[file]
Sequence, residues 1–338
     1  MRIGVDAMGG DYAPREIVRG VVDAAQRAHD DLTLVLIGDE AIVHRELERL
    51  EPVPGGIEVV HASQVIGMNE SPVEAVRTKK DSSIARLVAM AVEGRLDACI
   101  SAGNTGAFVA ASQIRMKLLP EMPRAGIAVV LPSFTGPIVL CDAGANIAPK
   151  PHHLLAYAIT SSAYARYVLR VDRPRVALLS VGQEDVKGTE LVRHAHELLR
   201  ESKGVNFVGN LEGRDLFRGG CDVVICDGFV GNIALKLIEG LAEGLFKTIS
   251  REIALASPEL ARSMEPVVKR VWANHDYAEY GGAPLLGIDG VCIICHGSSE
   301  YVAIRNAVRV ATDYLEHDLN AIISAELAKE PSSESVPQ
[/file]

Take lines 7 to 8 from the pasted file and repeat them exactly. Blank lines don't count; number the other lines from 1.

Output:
   251  REIALASPEL ARSMEPVVKR VWANHDYAEY GGAPLLGIDG VCIICHGSSE
   301  YVAIRNAVRV ATDYLEHDLN AIISAELAKE PSSESVPQ